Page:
My dear friends Annie and Sarah





The Purge

25 years’ worth of stuff. No, I under-exaggerate. Over 50 years’ worth of stuff. Because I am still holding on to… way too much. A baby blanket used on newborn me. My first teddy bear, now creaky and rusty jointed and leaking his innards. Loose photos that never made it into an album or a frame. Vintage dresses I used to wear when I waited tables in a dark and smoky bistro in Charlottesville, VA. Old batting gloves that have not fit either of my children in at least ten years. A variety of dust-coated flower vases I don’t use. Why don’t I use them? I use the other 7 vases I have that I actually like. How many napkin rings does a person who does not use napkin rings really need? Why did I keep four small paint smocks in a drawer for 15 years after the last time my children and their playmates fit into them? I am grappling with these and other questions with a lot less angst than you might think.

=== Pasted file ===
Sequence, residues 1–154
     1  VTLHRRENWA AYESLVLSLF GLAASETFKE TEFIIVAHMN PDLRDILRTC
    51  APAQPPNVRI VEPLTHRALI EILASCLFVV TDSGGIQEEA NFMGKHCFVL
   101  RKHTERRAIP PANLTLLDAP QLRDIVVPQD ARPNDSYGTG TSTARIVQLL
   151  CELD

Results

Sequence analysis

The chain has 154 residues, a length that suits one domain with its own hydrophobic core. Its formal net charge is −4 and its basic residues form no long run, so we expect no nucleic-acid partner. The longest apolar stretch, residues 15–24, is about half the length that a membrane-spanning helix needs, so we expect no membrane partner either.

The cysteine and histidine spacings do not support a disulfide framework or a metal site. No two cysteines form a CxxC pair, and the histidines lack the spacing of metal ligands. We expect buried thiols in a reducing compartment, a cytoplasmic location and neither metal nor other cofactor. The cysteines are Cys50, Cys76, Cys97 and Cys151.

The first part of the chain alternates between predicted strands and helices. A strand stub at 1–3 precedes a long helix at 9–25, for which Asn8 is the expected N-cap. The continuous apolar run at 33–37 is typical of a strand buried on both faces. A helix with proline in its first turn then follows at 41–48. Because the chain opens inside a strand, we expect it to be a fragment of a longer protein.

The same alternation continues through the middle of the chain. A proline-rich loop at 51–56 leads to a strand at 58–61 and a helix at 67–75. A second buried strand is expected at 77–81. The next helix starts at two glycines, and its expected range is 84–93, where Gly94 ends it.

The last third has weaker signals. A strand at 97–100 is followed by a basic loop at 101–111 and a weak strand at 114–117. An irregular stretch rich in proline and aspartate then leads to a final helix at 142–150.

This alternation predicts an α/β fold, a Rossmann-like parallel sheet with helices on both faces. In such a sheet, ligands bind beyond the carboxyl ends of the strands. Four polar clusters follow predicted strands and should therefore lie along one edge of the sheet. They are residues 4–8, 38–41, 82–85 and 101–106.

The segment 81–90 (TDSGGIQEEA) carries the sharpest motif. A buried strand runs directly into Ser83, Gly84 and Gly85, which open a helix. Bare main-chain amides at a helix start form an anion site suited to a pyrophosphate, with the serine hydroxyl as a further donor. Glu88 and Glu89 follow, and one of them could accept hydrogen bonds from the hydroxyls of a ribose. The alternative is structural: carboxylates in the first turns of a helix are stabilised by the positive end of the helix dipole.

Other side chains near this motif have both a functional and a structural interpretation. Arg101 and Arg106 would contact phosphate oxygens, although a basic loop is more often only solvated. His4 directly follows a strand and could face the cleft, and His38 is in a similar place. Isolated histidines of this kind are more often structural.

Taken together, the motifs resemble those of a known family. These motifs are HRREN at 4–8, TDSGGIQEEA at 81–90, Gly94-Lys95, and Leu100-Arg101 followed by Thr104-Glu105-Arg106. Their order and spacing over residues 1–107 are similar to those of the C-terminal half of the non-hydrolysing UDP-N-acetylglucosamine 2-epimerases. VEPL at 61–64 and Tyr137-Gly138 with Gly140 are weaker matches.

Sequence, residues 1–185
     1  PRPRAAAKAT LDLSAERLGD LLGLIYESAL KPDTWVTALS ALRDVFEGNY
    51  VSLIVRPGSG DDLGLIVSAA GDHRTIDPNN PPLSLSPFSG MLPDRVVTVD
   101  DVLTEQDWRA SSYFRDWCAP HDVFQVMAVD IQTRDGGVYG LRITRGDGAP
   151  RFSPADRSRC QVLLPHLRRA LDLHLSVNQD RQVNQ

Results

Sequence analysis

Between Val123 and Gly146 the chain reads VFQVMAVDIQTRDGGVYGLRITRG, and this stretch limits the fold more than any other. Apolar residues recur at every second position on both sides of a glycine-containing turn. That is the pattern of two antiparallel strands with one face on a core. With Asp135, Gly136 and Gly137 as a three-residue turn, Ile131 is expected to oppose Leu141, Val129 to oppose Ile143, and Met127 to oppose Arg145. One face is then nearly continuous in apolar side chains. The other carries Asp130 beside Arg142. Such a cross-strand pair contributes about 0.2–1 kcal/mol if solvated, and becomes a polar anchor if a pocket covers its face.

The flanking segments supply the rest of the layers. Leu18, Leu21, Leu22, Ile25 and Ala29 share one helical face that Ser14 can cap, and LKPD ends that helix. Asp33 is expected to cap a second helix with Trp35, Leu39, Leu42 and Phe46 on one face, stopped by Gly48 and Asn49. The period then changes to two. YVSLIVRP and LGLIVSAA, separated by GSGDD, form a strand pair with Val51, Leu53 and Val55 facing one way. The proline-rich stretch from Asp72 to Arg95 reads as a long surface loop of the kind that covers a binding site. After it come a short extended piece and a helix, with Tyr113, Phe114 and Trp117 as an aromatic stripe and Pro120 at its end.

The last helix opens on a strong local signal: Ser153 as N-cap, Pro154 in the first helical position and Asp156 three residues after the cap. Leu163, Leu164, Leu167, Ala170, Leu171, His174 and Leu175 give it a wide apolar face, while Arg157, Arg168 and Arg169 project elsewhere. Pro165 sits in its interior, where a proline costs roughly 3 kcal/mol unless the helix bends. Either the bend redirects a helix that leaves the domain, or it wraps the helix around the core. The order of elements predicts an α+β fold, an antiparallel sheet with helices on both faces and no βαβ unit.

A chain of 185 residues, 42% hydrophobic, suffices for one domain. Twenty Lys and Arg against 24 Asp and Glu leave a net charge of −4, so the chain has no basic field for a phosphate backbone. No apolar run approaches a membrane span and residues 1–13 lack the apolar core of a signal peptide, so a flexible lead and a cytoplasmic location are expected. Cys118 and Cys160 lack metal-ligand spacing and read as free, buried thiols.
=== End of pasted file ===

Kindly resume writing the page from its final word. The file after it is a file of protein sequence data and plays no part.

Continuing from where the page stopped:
So I started this whole thing out saying, “I am still holding on to way too much.” Make that “I was holding on to way too much.” Getting rid of my stuff is a kickass metaphor for getting rid of the shit clogging my chakras, the energetic holds on my heart, mind and spirit, the past that interrupts my present and screws with my future. Etc.

Context: A tumultuous year included two moves during which it dawned on me that I might have a bit of a stuff-burden. Now, I may, in fact, have way less in the way of material possessions than many Americans, but what defines “too much” for me might not be what it is for someone else. Clearly, having anything at all to put into a home with more than one room is a lot more than most people in this world possess. But, regardless of any judgment on how much is enough or not enough or too much, for a bunch of reasons, when I moved the first and second times in 2012, I was not in any condition to make purgative decisions when the rest of my life was in such flux/emotional turmoil/confusion as I coped with a series of over-the-top versions of joy/grief/ecstasy/terror/heartbreak/hope/misery.